Pious peaceniks: This group is composed of white liberal Protestants, Catholics, Reform Jews, and an occasional Buddhist. Its members are carrying on the spirit of the anti-war movement of the 1960s and 1970s and the nuclear freeze movement of the 1980s. They have mobilized in opposition to the Iraq war and have a strong interest in environmentalism and antagonism toward corporate America. Exemplars are Cindy Sheehan, the National Council of Churches, the Catholic Church, Faithful America, and the Christian peacemakers who camped out in Iraq as human shields. Some of the hostages who were recently rescued in Iraq were also part of this group.
Along with Bible-thumping liberals, the peaceniks joined and helped lead the effort to derail strict immigration reform. Unlike the Bible-thumpers, they tend to align almost down the line with secular liberals. They were, for instance, suspicious of Clinton's New Democrat philosophy, especially its emphasis on welfare reform and crime fighting, which they thought demonized the poor and minorities. And they tend to be pro-choice or silent on abortion.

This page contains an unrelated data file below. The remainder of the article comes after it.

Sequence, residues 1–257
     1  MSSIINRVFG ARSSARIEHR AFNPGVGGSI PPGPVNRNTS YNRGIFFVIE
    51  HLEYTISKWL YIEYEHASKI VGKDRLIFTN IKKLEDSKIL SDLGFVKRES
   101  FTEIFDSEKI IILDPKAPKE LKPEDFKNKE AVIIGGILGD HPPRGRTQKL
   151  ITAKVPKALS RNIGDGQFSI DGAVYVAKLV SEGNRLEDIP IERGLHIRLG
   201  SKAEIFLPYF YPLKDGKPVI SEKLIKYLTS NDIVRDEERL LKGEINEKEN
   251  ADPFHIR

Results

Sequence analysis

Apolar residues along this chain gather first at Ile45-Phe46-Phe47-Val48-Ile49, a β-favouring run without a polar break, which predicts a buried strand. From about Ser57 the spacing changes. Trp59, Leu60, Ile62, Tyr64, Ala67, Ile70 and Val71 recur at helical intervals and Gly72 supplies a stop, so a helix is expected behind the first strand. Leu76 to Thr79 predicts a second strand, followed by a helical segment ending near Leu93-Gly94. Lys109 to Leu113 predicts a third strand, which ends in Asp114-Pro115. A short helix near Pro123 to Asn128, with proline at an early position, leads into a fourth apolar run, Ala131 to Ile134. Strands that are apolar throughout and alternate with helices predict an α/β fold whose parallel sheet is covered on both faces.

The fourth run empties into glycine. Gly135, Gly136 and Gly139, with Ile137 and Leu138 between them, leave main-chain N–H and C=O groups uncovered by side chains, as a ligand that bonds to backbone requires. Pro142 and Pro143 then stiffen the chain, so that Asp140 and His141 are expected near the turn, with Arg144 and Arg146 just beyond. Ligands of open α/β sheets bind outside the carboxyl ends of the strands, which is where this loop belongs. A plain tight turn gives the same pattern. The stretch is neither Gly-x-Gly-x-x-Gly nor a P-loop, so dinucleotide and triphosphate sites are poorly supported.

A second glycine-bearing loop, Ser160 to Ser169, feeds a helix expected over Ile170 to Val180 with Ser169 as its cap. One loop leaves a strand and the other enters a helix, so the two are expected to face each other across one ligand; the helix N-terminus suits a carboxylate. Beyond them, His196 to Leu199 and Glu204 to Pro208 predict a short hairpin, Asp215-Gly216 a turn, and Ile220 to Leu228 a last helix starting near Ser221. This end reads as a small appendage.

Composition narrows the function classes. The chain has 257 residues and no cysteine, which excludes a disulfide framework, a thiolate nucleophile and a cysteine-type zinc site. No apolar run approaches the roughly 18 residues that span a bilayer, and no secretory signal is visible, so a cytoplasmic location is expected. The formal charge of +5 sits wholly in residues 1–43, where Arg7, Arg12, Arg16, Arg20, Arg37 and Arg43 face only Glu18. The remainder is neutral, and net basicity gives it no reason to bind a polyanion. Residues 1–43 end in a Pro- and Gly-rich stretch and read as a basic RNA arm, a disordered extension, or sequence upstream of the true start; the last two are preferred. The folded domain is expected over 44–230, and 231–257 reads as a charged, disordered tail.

Ethnic churchgoers: In this group are African-Americans, Hispanics, and Muslims, who together accounted for about 19 percent of the Kerry vote in 2004. Though they also opposed the Iraq war and share the views of other religious lefties about the importance of fighting poverty and protecting the environment, they differ from the other groups on abortion and, even more so, gay rights. Sixty-four percent of African-Americans oppose gay marriage. Analysts think this opposition accounts for the significant black support that Bush enjoyed in Ohio in 2004, which helped tip the state (and the election).
While many national black leaders support gay marriage, local black clergy have bristled at the comparison made by gay rights activists to the 1960s civil rights struggle. Black clergy also have been supporters of President Bush's faith-based initiative. And while many secular liberals mock or bristle at Bush's religious rhetoric, African-Americans polled on the topic have said they wished religion influenced the president even more.
Hispanic Christians shifted significantly to Bush during this election. If that trend persists, it will make the Democrats the minority party for decades. Bush got 45 percent of the Hispanic vote in 2004 compared to 30 percent in 2000. The big shift was by Hispanic Pentecostals (not Catholics) who are more socially conservative and evangelical. They liked Bush's conservative stance on abortion and gay rights and his patriotic idealism and rhetoric. Democrats now see an opening to win back some of these Hispanics by appealing to their pro-immigrant views.
Steven Waldman is editor in chief ofBeliefnet, the leading multifaith spirituality and religion Web site.